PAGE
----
How Does Old Money Compare to New Money?

Last Updated on September 20, 2020

How Does Old Money Compare to New Money?

Many of the world’s wealthiest people acquired their money from family rather than their own work. The term “scion” is the official title. However, we often use the term heir or heiress to describe a person who inherited their wealth rather than being self-made.

Generally, “old money” people have more affinity to other old money people than to the “new rich.” 

Who Are the New Rich?

The Nouveau Riche, are (often) crude, ill-mannered, show offs. Napoleon created a new aristocracy in Europe. “Old Guard” aristocrats didn’t think too much of them. When Napoleon was defeated at Waterloo, many of the new aristocrats & monarchs were dethroned and the old guard was restored. Now many generations later, most consider these aristocrats’ descendants to be pretty classy people. 

It is common that people want to think they are “better” than others. The “Sons & Daughters of the American Revolution” or “Descendants of the Mayflower” (first white people in North America) have annual meetings but the rest of the world rarely acknowledges them. 

Of course, we can’t really consider these people to be new rich a few hundred years down the line. The term is still in use to describe those who are first generation wealth, for want of a better phrase.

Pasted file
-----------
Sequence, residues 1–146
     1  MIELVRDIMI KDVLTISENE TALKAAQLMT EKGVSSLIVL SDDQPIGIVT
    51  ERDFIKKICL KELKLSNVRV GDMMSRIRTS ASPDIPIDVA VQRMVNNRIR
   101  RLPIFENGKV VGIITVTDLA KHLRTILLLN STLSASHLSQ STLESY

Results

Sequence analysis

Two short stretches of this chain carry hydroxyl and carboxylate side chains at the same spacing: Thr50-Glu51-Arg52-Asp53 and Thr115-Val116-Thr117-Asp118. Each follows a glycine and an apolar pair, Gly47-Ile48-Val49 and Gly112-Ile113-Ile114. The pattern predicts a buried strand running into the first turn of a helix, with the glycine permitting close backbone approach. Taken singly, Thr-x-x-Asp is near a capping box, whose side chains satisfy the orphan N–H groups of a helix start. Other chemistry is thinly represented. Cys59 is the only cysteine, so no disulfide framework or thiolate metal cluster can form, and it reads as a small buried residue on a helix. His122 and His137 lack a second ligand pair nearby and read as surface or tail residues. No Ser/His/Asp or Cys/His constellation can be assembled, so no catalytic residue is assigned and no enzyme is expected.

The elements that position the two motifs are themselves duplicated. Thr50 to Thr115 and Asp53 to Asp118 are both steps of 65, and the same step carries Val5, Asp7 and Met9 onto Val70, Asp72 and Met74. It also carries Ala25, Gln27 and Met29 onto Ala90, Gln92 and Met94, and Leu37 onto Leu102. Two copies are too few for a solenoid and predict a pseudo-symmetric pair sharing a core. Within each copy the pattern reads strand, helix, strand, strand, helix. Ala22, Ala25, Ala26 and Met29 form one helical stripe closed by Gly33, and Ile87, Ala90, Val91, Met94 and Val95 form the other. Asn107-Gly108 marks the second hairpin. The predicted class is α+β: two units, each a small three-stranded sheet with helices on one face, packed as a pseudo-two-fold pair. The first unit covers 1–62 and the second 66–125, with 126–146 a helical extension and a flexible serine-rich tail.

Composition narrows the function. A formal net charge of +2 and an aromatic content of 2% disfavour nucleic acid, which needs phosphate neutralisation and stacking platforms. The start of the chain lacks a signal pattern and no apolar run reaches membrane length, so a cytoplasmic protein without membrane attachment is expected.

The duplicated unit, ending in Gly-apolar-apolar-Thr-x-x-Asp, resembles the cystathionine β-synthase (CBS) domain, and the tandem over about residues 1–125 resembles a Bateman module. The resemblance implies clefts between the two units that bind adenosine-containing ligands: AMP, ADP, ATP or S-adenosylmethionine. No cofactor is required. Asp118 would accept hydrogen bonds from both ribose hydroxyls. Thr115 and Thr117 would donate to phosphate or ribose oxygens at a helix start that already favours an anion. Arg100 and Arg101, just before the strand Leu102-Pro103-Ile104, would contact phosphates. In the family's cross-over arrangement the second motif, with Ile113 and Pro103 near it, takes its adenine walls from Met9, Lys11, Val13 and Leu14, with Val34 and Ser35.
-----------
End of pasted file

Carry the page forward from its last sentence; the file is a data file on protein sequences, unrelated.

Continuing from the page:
Does This Change Their Work Ethic?

As a self-made person I am more comfortable with ambitious people of accomplishment than with mere “old money.” That doesn’t mean that people who inherited money can’t be high achievers. Indeed, many are.

For example, many who inherited wealth have used it to start their own businesses, or have invested in charity. However, one thing they’ll always be missing is the experience that comes from having to grind to reach the top.

Bill Gates is always a good example of this. He’s been on the rich list for many years now, and made it there (mostly) on his own. Gates is also a good example of how being in the right place at the right time can work wonders for business.

Those who work for their money and status also have a better appreciation of the value of money. After all, if you’ve always lived comfortably, how can you understand the difficulty of having to struggle?

Old Money Vs New Money

In short, we can boil the difference between old money and new money down to:

  • Old money is generational wealth. New money is first generation wealth.
  • Those with new money will often have a better appreciation of its value because it means more to them.
  • Old money is usually seen as a sign of privilege, both positively and negatively.


I’m a self-made person, and so I can appreciate the ambition it requires to reach the top. However, that’s not put those of old money down, as many of them use it wisely. 

From my perspective, it doesn’t really matter how long the money has been in the family. It’s what you do with it once it’s yours that makes all the difference. All the money in the world doesn’t mean a thing if you don’t use it well.